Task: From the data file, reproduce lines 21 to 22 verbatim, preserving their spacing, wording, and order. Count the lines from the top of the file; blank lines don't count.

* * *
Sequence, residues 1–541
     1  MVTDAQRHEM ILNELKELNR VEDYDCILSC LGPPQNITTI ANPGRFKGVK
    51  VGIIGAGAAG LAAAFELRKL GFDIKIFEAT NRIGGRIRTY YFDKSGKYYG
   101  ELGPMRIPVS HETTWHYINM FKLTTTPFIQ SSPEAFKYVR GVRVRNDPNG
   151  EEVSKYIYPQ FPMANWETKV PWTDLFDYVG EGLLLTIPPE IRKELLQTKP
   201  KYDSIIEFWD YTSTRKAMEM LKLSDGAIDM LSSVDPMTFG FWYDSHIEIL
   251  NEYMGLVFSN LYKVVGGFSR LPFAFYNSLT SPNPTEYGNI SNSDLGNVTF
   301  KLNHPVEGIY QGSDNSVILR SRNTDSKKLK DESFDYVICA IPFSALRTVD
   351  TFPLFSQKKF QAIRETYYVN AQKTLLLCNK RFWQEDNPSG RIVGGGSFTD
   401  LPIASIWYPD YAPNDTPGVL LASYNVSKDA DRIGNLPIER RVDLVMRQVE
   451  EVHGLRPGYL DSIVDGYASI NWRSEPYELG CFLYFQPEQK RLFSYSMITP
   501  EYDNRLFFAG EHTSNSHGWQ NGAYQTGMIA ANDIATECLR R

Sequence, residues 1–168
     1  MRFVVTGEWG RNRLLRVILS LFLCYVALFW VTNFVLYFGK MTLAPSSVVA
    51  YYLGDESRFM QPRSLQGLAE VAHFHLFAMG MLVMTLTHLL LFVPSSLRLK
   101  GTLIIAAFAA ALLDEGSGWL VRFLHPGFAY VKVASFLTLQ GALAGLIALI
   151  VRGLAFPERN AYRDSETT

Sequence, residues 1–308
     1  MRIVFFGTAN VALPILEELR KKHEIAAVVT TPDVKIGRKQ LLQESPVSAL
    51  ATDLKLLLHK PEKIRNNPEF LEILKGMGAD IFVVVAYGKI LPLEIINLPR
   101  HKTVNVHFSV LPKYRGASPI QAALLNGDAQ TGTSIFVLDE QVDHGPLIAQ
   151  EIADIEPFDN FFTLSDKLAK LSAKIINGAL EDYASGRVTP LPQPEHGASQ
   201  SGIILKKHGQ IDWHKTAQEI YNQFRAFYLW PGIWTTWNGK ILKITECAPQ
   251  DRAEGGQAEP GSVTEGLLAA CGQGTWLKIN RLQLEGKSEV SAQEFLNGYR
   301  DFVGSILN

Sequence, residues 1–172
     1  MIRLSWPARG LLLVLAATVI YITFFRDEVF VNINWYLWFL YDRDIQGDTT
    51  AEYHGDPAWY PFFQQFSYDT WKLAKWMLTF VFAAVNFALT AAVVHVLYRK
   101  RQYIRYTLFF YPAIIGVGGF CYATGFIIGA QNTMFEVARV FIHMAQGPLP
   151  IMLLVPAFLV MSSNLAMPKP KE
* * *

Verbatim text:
   101  HKTVNVHFSV LPKYRGASPI QAALLNGDAQ TGTSIFVLDE QVDHGPLIAQ
   151  EIADIEPFDN FFTLSDKLAK LSAKIINGAL EDYASGRVTP LPQPEHGASQ